Laundry Sam

Where am I going and why am I in this handbasket?

You had your 6-month checkup this month, and all went well. We were so pleased that you made it all the way through the winter and only visited the doctor’s for your “well baby” visits. You got another round of shots (only 2 of the 3 you had been having), and were in the 25th percentile for weight and head circumference, and 10th for height. You showed a great fascination with the stethoscope and the pediatrician made a joke about you starting med school, but as soon as she mentioned it you started to cry. Still, she had a point about you how your sleep schedule would mesh well with being an intern!

Sam smiles in her high chair

Your dexterity also continues to improve. You can pick up small balls, and my juggling bean bags one-handed now, though their trajectory is still always straight to your mouth. You’ve also realized that slamming stuff down makes a most interesting and pleasing noise, and this is your primary form of entertainment while Mom and I eat dinner. Whether it’s actually representative play or not, I have no idea, but you’ve noticed that Mom and I talk to each other while we eat, and therefore when we’re feeding you is one of your favorite times to babble. It’s cute, but between words coming out, and hands going in, we have to be quick with our timing to get the food we’re serving you into your mouth.

Once you’re tired of banging things during dinner, you take to dropping them. You then crane your neck and body seeking them out. From this, and a few other things, we have the sense that you now largely grasp the whole “object permanence” thing. Unfortunately, this has coincided with a good deal of stranger anxiety. You mount a fuss when anyone that’s not Mom or me tries to hold you. While this is disappointing for our friends, it’s really tough on Mom-mom. The sushi chef where we have a fairly regular sushi night has wanted to hold you a couple of times, and we’ve refused so far, but I don’t know how much more we can refuse him and still have those delectable treats.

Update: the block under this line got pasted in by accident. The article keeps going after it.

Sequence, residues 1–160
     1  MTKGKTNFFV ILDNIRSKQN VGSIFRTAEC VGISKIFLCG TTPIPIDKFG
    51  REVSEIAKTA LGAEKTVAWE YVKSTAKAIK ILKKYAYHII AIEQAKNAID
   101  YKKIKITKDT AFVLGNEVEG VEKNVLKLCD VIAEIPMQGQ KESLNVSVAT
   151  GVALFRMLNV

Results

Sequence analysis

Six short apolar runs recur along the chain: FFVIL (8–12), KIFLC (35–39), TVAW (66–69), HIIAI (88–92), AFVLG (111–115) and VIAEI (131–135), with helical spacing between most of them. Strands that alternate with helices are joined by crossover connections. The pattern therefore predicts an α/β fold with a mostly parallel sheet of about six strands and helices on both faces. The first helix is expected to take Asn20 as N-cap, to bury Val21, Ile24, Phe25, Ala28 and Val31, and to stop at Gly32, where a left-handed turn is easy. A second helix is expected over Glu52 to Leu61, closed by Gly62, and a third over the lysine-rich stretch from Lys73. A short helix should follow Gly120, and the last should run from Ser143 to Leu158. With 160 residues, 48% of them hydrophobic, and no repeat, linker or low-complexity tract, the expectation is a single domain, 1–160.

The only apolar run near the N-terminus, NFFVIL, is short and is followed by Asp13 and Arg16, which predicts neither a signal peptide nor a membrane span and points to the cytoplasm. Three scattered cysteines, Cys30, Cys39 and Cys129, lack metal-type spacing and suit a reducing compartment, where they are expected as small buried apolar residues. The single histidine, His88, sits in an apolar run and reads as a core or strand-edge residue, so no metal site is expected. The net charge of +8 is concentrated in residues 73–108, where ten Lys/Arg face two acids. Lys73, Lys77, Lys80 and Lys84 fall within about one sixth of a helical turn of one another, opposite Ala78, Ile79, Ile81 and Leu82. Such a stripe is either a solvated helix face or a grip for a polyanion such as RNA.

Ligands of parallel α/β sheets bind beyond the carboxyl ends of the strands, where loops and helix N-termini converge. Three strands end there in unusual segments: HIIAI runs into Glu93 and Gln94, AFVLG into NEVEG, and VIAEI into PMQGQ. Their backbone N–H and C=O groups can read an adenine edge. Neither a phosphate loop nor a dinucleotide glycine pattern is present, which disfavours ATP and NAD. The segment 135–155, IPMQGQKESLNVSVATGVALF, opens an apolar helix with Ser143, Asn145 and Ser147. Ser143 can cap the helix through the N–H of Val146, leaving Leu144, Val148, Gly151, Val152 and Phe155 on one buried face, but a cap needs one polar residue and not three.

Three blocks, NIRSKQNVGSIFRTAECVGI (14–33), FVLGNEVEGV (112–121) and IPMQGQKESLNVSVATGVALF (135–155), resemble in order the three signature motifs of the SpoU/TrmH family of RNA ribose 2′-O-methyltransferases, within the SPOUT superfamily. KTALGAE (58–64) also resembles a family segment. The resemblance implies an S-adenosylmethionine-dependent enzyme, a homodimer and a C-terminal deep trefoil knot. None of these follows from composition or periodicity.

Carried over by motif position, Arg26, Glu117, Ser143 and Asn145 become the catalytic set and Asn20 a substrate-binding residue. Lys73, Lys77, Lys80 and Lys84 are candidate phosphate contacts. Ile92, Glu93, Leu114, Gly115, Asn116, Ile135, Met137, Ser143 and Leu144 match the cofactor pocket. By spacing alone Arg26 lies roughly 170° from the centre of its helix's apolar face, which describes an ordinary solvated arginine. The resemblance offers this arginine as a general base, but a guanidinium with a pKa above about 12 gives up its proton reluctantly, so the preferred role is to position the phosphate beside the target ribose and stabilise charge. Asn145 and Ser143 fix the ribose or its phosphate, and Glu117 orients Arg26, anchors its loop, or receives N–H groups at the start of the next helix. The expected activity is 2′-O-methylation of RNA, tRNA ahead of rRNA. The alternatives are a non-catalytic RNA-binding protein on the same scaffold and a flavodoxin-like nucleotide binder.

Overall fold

Hands on the table

Finally, you’ve gotten better with rolling. You’ve been able to roll front-to-back for quite a while now, though you continue to get better at it. You can roll from your back to your side, but since you still HATE tummy time, you’ve made no effort to get into it on your own. And as you are now proficient at the front-to-back roll, whenever you’re placed in tummy time, you get out of it quite quickly.

So, with that, I offer you the Cajun salutation, Laissez les bons temps rouler!